The Coney Island Parachute Jump Tower is one of the most iconic landmarks in Brooklyn. It can be seen from Queens, New Jersey, Staten Island, and most of Manhattan. Also, it is a spectacle to observe when illuminated at night.
At 250 feet tall and weighing 170 tons, this steel framed structure was actually built for the 1939 New York’s World Fair. The tower was then moved from Flushing, Queens to the Coney Island boardwalk in 1941 to be part of the Steeplechase amusement park.
Yes, the Parachute Jump tower was actually an amusement park ride! Two riders would sit in a seat beneath each parachute. The parachutes would then be lifted to the top of the tower by a pulley mechanism.
Once at the top, the parachutes were “dropped” and their wings would open up to slow the descent. Shock absorbers at the bottom of the ride cushioned the landings. Each parachute required 3 operators, hence the operating cost of the overall ride was very high.
Unfortunately, the Parachute Jump ride ceased operating in 1964 when the Steeplechase park closed permanently. The park soon fell into disrepair and was acquired by the city in 1969 who then unsuccessfully tried to sell it in 1971. As a result, efforts were made to demolish the structure. However, objections from local historical societies and the overall costs of the demolition prevented such from happening.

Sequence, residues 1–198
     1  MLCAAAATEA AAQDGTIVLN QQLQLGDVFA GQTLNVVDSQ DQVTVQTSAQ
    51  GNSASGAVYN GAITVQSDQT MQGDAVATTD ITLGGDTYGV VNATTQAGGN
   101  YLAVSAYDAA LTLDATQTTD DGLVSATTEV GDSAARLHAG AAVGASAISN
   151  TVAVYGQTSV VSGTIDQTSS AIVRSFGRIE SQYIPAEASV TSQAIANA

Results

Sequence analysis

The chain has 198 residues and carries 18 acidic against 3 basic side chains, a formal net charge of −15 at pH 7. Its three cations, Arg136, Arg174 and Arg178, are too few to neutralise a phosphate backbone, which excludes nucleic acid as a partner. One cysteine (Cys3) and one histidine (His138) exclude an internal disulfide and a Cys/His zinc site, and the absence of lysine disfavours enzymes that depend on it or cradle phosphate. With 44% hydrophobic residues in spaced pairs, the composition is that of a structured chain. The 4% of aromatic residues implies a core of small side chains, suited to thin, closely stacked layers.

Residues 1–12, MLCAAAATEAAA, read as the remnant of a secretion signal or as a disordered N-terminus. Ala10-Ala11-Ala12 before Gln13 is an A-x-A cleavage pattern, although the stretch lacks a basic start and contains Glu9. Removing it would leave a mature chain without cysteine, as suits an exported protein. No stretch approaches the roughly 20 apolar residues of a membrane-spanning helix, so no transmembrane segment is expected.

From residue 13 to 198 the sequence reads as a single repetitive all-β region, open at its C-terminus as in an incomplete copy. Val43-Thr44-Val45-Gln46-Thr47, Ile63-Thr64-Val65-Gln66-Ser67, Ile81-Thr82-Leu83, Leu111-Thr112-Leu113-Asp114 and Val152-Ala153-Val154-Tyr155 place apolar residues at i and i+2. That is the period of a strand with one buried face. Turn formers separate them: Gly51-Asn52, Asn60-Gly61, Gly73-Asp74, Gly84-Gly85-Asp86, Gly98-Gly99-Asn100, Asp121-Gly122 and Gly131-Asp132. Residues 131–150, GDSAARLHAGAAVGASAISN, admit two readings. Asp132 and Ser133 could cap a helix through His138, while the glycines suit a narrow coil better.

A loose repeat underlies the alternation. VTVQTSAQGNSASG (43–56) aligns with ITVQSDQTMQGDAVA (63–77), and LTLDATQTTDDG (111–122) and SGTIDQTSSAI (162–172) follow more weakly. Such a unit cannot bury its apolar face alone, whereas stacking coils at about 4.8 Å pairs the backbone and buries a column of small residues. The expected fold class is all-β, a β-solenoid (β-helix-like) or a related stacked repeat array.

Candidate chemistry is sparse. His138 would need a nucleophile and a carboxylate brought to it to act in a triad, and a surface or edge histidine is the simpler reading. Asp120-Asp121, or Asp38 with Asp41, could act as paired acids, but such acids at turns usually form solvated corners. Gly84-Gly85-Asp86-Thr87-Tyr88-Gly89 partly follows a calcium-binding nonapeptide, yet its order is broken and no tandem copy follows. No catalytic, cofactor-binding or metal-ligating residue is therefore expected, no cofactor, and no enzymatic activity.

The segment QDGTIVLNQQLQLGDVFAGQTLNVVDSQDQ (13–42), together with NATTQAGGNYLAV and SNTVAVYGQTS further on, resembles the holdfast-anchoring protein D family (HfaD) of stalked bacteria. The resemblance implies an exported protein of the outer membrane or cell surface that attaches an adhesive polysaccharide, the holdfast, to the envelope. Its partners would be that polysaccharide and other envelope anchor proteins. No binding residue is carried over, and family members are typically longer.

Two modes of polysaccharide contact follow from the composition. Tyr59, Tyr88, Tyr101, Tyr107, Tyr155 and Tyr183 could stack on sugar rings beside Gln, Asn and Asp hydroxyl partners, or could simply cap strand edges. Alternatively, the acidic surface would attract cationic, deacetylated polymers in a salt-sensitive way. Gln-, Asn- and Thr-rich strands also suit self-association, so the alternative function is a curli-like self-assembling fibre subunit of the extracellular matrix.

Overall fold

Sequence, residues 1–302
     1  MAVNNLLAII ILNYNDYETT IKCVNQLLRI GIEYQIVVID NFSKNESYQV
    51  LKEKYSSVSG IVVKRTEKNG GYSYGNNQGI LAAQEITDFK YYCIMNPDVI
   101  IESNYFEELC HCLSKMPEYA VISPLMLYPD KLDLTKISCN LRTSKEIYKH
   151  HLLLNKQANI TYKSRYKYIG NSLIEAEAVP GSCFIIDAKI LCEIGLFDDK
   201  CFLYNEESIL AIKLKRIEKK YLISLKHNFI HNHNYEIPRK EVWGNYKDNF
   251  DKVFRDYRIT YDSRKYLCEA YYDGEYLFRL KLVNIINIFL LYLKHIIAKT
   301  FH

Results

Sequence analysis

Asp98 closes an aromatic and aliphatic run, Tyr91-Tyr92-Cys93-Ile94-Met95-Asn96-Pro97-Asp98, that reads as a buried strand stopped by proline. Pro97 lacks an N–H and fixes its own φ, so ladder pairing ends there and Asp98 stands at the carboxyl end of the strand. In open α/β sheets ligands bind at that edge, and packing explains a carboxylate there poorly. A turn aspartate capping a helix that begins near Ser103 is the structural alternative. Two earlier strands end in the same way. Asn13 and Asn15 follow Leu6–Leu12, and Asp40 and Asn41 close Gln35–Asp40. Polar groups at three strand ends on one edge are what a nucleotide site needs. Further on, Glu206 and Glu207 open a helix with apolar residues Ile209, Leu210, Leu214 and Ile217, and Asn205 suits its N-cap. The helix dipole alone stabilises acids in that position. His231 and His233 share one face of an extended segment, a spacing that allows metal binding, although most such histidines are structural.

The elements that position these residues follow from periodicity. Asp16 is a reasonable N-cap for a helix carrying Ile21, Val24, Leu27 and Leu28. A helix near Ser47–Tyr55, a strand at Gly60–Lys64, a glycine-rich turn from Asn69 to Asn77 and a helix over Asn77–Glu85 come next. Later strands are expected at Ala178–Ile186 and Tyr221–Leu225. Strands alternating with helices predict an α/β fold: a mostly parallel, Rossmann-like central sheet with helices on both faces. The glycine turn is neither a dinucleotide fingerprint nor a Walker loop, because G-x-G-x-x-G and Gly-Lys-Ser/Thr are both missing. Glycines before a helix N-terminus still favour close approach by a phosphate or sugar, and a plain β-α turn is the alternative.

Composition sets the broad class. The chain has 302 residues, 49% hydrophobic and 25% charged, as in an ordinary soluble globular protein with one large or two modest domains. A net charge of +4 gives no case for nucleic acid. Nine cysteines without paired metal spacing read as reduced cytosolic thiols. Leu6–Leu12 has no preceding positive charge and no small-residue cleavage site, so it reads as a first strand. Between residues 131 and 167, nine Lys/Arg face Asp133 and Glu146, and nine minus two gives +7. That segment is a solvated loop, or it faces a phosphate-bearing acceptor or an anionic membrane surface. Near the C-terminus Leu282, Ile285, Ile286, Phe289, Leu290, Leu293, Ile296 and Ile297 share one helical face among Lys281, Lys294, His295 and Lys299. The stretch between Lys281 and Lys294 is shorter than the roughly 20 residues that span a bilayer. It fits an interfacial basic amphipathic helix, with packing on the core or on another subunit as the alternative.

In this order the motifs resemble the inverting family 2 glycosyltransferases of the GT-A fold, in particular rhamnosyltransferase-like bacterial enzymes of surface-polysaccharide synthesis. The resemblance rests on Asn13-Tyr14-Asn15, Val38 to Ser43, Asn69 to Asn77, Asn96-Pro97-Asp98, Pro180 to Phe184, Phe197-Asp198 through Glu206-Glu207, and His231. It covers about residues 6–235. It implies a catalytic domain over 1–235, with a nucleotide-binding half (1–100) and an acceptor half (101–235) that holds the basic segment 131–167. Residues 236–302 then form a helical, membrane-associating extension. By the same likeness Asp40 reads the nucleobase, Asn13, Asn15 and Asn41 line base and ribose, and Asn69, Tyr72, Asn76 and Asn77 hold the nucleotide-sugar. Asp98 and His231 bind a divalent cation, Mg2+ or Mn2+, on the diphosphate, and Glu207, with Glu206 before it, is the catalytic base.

In 1980, the tower was added to the national register of historic places and was formally recognized as a landmark by the city in 1989. Finally, in 1993, efforts were made to clean up and restore the area around the ride. The City of New York repainted the structure and stabilized it. Since 2002, the tower and the surrounding areas have benefited from a $5 million restoration plan. In 2003, LED lights were added. In addition, there has even been talk to bring back the actual parachute rides! However, stakeholders downplay these hopes given the high costs of implementing modern safety practices.
Today, the structure is known for its stunning light shows. Its many LED lights can be programmed to display all sorts of patterns. These displays are often tailored to match current events. For example, the tower lights up in the colors of the American flag every year to commemorate the observance of Memorial Day. Moreover, the tower’s lights sometimes flash in rhythm to the music being played at MCU park.
Whether as an amusement park ride, a light tower, or a landmark, the Parachute Tower was and will always be a symbol of Coney Island. It will forever be admired by tourists and locals as Brooklyn’s Eiffel Tower.